During the Viet Nam War we were open 24/7. I had 10 men on the day shift, and five on the mid-shift.
It was New Year’s Eve and I was asked to wear my dress blues by my commander.
We were to have a small get-together in the print shop at the end of the day shift. A few military people and secretaries from our headquarters would be there, along with our commander, a 2-Star General.
I called my friend, the base mess sergeant, and asked him to attend and bring a few goodies to eat. He brought a large pot of punch, sandwiches, and a very large cake.
When my swing shift arrived, counting me, there were 16 printers.
We had no drinking water in our shop and I was very thirsty from the long day. I began working on the punch. I did not know that someone had spiked the punch, and I don’t drink, but that punch tasted so good.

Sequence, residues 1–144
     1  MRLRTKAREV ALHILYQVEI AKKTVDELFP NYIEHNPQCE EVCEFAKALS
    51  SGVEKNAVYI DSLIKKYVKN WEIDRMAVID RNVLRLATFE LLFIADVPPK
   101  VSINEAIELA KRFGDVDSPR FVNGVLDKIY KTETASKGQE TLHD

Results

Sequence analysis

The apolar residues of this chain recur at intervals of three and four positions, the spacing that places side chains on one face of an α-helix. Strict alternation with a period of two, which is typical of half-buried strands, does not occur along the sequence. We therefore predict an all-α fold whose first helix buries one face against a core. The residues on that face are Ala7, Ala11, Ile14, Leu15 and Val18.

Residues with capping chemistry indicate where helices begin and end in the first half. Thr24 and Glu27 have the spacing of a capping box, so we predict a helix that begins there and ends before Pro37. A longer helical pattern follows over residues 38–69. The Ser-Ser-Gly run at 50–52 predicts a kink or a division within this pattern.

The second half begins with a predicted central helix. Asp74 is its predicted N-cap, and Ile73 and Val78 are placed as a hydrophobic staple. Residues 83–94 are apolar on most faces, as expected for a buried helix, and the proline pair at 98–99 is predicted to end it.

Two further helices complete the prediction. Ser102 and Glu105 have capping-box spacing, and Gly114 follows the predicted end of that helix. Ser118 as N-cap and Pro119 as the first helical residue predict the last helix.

There was singing and dancing, and they say I was right in the middle of everything.
Three of my printers took me to my quarters on base. They stood me in front of my door, rang the bell and made a run for it, knowing my wife would tear into them.
When Estelle opened the door I fell forward into our hallway. My kids wanted to know what was wrong with their dad. My wife told them I was sick, and to help her get me in the bed.
As she was taking my uniform off of me, I asked her to stop, saying that my wife was going to kill me.
The next morning after I had my coffee, I went outside to get my car. It was not there. Estelle said that I had wrecked the car last night. The guy next door drove me to work and my car was sitting in my parking spot.
To this day when my kids and I get together one of them will ask, “Do you recall the time Dad got sick?”
Contributing writer Everett Vanover lives in Fairfield, Calif.